WhatsApp Delays New Privacy Policy, But It's Still Sharing Data With Facebook

WhatsApp started sharing data with Facebook as far back as 2016.

WhatsApp Delays New Privacy Policy, But It's Still Sharing Data With Facebook

WhatsApp has delayed its new privacy policy by over a month

  • WhatsApp announced a new privacy policy that had people worried
  • Millions switched to Signal and Telegram to protect their data
  • WhatsApp has now delayed its policy rollout by just over a month

WhatsApp announced that it will delay its new privacy policy by a few months, from February 8 to May 15, after facing a lot of backlash. The reaction was so strong that millions of new users signed up for alternatives such as Telegram and Signal — around 25 million new users signed up for Telegram in just three days, and Signal became the number one app in its category in many parts of the world, bringing on so many people that it couldn't keep up with the demand, and took nearly two days to resolve a major outage that started on Friday.

Facebook-owned WhatsApp launched its new privacy policy with the goal to address how people will talk to businesses. The data collected would only relate to business chats, WhatsApp clarified, released an FAQ page on its site to emphasise that it doesn't read private messages. 

"WhatsApp was built on a simple idea: what you share with your friends and family stays between you. This means we will always protect your personal conversations with end-to-end encryption, so that neither WhatsApp nor Facebook can see these private messages. It's why we don't keep logs of who everyone's messaging or calling. We also can't see your shared location and we don't share your contacts with Facebook," it said in a blog post, and added: "This update does not expand our ability to share data with Facebook."

This, coupled with Signal's issues which lasted more than a day before being fully resolved, might have people thinking that they can go back to WhatsApp — it remains a very reliable service, and the company showed that it'll listen to the users, right?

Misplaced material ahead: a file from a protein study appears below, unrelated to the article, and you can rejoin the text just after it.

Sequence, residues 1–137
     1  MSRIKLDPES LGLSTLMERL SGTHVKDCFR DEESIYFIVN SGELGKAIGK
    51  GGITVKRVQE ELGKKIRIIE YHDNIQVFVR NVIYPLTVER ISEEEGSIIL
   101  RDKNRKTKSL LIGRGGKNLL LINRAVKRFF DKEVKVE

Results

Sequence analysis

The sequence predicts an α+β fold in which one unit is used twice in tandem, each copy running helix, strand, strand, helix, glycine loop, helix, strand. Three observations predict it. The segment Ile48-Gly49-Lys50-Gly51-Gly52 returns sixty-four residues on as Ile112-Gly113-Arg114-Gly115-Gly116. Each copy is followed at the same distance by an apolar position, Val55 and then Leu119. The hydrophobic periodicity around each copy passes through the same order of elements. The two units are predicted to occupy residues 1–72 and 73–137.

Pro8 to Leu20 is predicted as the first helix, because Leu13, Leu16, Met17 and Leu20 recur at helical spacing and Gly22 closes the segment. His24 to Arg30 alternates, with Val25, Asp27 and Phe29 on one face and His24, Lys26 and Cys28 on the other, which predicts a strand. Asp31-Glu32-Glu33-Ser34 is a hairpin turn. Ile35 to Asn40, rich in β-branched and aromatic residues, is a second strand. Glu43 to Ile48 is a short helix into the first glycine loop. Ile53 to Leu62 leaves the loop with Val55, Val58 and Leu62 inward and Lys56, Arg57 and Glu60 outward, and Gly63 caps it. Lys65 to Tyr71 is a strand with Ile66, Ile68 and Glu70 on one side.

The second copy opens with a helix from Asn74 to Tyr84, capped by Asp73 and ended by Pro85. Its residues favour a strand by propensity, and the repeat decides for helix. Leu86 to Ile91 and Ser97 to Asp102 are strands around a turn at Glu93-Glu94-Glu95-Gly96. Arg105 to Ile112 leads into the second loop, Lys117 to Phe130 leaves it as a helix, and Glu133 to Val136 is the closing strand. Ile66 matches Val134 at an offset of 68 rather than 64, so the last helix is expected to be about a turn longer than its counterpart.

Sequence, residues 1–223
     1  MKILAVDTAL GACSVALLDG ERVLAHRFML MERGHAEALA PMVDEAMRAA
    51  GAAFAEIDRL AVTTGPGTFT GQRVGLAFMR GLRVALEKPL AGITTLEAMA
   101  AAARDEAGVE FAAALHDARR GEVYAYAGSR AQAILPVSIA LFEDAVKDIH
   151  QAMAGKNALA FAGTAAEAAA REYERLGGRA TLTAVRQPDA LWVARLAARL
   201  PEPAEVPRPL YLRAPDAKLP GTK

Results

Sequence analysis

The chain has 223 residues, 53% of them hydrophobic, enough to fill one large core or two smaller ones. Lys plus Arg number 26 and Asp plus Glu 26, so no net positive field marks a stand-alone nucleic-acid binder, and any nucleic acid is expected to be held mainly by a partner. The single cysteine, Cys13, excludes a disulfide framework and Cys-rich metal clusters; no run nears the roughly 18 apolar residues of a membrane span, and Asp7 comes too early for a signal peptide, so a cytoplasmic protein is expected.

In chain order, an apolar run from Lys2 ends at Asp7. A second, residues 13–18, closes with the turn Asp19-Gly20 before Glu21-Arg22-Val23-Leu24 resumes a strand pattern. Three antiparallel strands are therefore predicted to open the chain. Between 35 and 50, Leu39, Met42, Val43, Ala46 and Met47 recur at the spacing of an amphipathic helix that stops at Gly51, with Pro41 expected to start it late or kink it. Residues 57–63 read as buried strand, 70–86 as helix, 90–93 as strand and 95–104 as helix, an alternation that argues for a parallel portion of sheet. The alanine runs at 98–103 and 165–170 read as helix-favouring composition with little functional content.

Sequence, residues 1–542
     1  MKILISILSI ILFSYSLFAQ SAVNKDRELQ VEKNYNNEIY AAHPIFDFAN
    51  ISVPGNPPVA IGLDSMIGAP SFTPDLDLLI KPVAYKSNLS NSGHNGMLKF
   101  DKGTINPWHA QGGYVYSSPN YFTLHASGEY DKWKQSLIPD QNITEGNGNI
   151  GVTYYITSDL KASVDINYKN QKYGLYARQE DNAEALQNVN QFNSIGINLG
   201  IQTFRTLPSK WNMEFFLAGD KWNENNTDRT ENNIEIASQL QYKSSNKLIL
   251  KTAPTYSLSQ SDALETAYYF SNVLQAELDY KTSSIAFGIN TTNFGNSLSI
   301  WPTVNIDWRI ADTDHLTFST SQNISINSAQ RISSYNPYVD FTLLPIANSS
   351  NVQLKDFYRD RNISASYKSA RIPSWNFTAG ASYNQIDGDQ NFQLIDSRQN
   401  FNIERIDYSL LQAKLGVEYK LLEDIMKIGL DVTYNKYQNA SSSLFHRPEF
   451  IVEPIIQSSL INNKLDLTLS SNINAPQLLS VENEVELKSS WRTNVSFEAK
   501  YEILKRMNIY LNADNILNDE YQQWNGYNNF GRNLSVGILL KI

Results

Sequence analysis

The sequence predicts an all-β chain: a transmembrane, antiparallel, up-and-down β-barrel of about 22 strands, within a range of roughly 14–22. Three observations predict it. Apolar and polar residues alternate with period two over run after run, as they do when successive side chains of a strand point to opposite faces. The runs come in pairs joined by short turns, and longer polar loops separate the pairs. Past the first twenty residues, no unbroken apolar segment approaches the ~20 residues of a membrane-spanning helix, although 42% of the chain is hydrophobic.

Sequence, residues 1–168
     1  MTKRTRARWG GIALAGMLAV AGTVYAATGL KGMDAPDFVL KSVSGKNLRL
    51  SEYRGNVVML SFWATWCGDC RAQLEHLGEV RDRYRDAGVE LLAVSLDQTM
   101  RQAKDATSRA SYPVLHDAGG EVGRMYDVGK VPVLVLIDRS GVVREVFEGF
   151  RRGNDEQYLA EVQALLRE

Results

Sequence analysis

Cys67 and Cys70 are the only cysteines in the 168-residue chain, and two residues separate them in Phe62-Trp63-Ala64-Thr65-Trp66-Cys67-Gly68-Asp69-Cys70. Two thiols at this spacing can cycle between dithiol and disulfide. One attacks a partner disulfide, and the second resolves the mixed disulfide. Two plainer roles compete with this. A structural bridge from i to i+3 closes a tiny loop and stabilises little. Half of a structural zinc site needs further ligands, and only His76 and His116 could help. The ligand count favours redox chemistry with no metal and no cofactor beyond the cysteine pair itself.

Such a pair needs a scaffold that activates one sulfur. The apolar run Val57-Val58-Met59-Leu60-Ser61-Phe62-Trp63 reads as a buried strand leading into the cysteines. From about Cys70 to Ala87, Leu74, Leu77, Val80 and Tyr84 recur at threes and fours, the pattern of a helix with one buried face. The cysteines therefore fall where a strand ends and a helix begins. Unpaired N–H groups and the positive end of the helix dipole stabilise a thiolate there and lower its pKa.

The fact is that WhatsApp already shares a lot of information with Facebook. When it said that the update doesn't expand the ability to share data with Facebook, that's because it has been able to share your data for years now.

That doesn't mean that there wasn't a lot of disinformation flowing over the last one week. If you're the kind of person who was already on Signal, then you've probably been asked several times a day about whether people should switch app. And you've also probably been asked, "is WhatsApp reading my groups and messages?" And the simple answer is no, your messages aren't being read (unless you're the target of something like the Pegasus hack, or someone has access to your phone, or has access to your backups on the cloud... there will always be some exceptions). WhatsApp uses the same end-to-end encryption that Signal does, and unlike Telegram, WhatsApp turns E2E on by default in all chats, whereas you have to initiate a secret chat in Telegram.

But a lot of the other factors that people got quite worried about, have always been the case. An image that went viral shows the App Store privacy labels that tell you what information an app is collecting. While Signal collects no data linked to you, WhatsApp is looking at your purchases, financial information, location, contact information, contacts, content, identifiers, usage data, and diagnostics.

app store whatsapp privacy screenshot whatsapp

This is something that has not changed even though WhatsApp has changed its mind about enforcing its policies right away. If you were worried that Mark Zuckerberg is looking at your messages then that wasn't going to happen anyway.

But ever since 2016, WhatsApp has been sharing a lot of other data with Facebook, and that's going to continue. If you look at the "Affiliated companies" section of the privacy policy, it explains that Facebook can use the data it gathers about you to profile you more accurately, and use that to serve ads, or show friend suggestions, for example. So it could (as a hypothetical example) know that you go to Decathlon stores often in real life, and therefore fill your Instagram feed with a lot more ads for fitness products.

As noted by researcher Wolfie Christl, Facebook said in 2014 that it would be unable to match Facebook and WhatsApp accounts reliably. That obviously didn't hold true. But in places where there are strong laws to protect a user's privacy, WhatsApp has to toe the line. In Europe, the company offers a different privacy policy.

In India, the government has been discussing a Data Protection law for several years — after many false starts, a Data Protection Bill was proposed more than a year ago, but has not proceeded further. Last month, BJP MP Rajeev Chandrasekhar said the joint parliamentary committee is going to redraw the bill, so this will take more time. If we want European protections, we will need European legislation first.

But in the meanwhile, WhatsApp might have changed its stance on its new privacy policy, but the data being shared by Facebook is not going to stop. Switching to Signal, a non-profit run on donations, makes sense as it gets no benefit by tracking you. Many of us have been using Signal for years, and also using alternative search engines like DuckDuckGo, to enhance our privacy. But at the same time, don't fall for the misinformation that your private messages are being read.


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Further reading: WhatsApp, Signal, Privacy
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